The more I thought about it—a space that combined Black ownership, culturally relevant curricular freedom that empowers and includes texts that reflects the experiences, interests, and needs of the participants, a place that could address the whole body and its senses while accepting and implementing community input, seems to hold powerful potential—I realized it was important not just because writers and artists need to take a stand if they want to claim a part of this city as home, but because generations of Black people have historically and unjustly lost homes in Chicago.
There are a number of reasons for this, whether through egregious taxation that went uncorrected when Black homeowners were overtaxed and then not given refunds or lost their homes, or for more recent reasons, such as the tabled proposal to ban residential museums, which would have decimated possibilities for preserving some buildings on the South Side.
All of this doesn’t even begin to address the damage that predatory lending, upselling of homes in Black communities, underinvestment, and redlining has done to the city’s South Side. Imagine Chicago without the DuSable Museum, which started as a small museum in Margaret and Charles Burroughs’ home, which is still standing, just across the street from the South Side Community Arts Center. Underneath all that is the specter of accumulated wealth. All these policies impacted the accumulation of Black wealth, haunting the ability to find and imagine new opportunities.
You might ask how a poet born and raised in the Midwest would even begin to imagine such an undertaking. I’m approaching it one step at a time, one event at a time, one fundraising effort at a time, and I cannot work quickly enough. We’ve started off with a virtual comedy series to offer some levity to people at home. I’m starting those writing workshops soon, and I’m working with the Chicago Humanities Festival to plan some events with South Side-based organizations this summer.I think other Black people, like myself, see ourselves as standing in the epicenter of a whirlwind.
I’m still looking at buildings, even though it’s hard to find one that would not need extensive renovation. In doing so, I’m also inspired by the work of organizations like Sisters in Cinema Media Arts Center, which is breaking ground on 75th Street, and R.A.G.E. where organizers and residents like Asiaha Butler have been vocal about protecting homeownership and caring for the Englewood community specifically.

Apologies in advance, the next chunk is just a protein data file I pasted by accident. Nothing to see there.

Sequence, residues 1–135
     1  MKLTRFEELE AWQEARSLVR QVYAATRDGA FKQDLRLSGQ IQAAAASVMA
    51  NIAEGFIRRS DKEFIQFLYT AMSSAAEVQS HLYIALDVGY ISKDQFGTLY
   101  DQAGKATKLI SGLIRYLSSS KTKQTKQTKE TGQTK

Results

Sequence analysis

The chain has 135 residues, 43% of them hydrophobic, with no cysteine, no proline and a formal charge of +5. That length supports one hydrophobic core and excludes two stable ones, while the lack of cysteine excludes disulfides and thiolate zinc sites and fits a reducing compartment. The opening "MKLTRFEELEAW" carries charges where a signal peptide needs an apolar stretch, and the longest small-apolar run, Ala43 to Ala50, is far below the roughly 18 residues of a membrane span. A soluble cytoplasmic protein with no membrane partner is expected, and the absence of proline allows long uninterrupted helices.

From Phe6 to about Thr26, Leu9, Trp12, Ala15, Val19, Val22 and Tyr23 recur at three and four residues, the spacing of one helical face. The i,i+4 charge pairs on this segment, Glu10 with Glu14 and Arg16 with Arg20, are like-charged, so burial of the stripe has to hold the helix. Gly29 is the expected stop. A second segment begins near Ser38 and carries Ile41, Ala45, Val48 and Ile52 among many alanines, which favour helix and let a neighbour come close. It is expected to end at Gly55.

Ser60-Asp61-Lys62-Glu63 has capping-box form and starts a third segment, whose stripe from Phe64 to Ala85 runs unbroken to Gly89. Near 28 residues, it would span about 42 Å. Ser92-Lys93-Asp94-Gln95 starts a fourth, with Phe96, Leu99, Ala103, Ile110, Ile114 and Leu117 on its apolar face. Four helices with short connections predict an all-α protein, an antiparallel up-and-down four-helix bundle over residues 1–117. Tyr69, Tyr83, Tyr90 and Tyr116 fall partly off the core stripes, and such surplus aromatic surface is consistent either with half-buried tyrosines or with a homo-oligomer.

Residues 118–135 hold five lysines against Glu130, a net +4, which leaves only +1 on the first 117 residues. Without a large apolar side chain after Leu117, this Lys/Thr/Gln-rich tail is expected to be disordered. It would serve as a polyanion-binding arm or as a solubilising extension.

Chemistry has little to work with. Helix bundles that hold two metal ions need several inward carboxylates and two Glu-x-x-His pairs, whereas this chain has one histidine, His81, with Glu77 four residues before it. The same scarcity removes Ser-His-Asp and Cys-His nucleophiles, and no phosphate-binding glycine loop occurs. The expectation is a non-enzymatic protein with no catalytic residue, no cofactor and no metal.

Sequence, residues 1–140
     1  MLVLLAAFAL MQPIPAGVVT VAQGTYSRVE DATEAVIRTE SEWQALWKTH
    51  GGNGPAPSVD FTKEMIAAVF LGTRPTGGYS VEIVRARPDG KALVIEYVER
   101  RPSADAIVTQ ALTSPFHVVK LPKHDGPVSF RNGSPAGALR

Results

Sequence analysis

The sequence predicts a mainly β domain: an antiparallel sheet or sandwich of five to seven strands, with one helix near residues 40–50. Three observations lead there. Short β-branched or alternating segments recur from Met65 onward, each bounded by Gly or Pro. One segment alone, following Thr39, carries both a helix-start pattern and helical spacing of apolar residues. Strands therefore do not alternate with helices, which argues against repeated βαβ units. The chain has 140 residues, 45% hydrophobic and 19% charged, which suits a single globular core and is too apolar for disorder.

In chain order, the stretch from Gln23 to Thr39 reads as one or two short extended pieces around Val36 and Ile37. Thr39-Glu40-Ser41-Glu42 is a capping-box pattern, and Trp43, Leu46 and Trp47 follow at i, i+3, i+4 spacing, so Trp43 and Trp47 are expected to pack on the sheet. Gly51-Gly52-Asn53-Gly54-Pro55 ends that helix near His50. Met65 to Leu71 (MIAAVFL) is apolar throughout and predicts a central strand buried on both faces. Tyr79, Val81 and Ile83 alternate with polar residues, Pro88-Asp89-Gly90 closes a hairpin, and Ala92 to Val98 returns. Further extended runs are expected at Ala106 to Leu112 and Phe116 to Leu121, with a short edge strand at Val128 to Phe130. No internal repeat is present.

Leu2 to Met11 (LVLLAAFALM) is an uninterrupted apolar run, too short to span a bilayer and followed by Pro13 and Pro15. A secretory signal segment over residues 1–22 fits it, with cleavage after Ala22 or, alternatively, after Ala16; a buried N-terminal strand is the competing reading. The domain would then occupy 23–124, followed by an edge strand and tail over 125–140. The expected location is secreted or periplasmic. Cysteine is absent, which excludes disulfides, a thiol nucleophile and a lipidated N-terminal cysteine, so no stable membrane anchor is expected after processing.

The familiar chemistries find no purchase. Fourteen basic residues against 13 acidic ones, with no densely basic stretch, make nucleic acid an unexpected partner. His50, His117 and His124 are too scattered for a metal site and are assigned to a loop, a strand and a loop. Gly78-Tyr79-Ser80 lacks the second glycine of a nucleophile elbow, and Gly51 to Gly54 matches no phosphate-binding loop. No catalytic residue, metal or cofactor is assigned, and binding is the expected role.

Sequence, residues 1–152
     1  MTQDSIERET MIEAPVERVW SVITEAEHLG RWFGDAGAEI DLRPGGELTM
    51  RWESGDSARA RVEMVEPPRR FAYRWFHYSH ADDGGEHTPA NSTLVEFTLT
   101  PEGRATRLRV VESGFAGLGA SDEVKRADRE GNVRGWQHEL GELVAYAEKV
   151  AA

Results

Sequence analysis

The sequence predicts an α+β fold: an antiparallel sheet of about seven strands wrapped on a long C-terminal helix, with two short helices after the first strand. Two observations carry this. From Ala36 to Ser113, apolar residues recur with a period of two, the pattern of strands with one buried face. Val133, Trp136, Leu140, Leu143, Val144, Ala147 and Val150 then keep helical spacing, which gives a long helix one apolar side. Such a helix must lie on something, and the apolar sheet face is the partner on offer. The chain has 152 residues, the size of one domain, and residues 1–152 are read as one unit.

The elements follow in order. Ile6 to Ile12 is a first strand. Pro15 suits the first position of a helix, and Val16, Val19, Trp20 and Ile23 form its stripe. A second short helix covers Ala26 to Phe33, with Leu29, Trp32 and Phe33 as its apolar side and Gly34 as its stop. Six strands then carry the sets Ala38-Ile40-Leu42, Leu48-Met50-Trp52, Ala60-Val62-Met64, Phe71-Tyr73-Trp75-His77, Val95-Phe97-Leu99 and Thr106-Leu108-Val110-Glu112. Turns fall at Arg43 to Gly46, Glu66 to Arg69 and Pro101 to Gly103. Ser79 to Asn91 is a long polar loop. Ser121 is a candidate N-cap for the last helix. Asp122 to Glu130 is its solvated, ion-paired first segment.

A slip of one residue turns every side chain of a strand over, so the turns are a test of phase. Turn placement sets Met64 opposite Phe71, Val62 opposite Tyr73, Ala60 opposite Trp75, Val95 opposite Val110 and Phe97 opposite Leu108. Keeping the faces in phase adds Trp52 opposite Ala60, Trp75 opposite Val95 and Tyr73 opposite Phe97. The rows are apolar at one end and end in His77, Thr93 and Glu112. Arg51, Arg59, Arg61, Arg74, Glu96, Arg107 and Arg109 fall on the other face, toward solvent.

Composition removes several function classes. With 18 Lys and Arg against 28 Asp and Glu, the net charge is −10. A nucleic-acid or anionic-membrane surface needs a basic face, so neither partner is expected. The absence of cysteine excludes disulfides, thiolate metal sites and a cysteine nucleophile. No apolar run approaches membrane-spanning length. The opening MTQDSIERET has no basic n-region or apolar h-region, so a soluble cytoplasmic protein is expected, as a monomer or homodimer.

As we attend to imagining new futures and opening spaces for new visions and dreams, bringing new participants into policy-shifting and philosophy-building conversations is more necessary than ever. With that in mind, I imagine that’s why June Jordan studied urban planning and why Toni Cade Bambara insisted that filmmaking would be the way to reach people beyond books well before most of us used the internet, YouTube, TikTok, Netflix, and other streaming sources. These doldrums of overlapping occurrences rose in my imagination like a maelstrom, bringing me back to a line from Gwendolyn Brooks’ poem “The Second Sermon on the Warpland.” She concludes with: “It is lonesome, yes. For we are the last of the loud./ Nevertheless, live./ Conduct your blooming in the noise and the whip of the whirlwind.”
As the city stands to transplant even more Black people outside of its limits, like many other American cities, I think other Black people, like myself, see ourselves as standing in the epicenter of a whirlwind. We want to batten down the hatches and keep our homes.
Tara Betts will be speaking about the Whirlwind Center at the virtual panel discussion ‘Creating our Own “Table”‘ on April 7th alongside Tongo-Eisen Martin and Neelanjana Banerjee, hosted by Aunt Lute Books and POC United. The panel will explore how writers of color are creating their own paths to book distribution, community, and audience building. Another virtual event organized by Aunt Lute and POC United on May 13th will feature readings by writers of color on the theme of Isolation.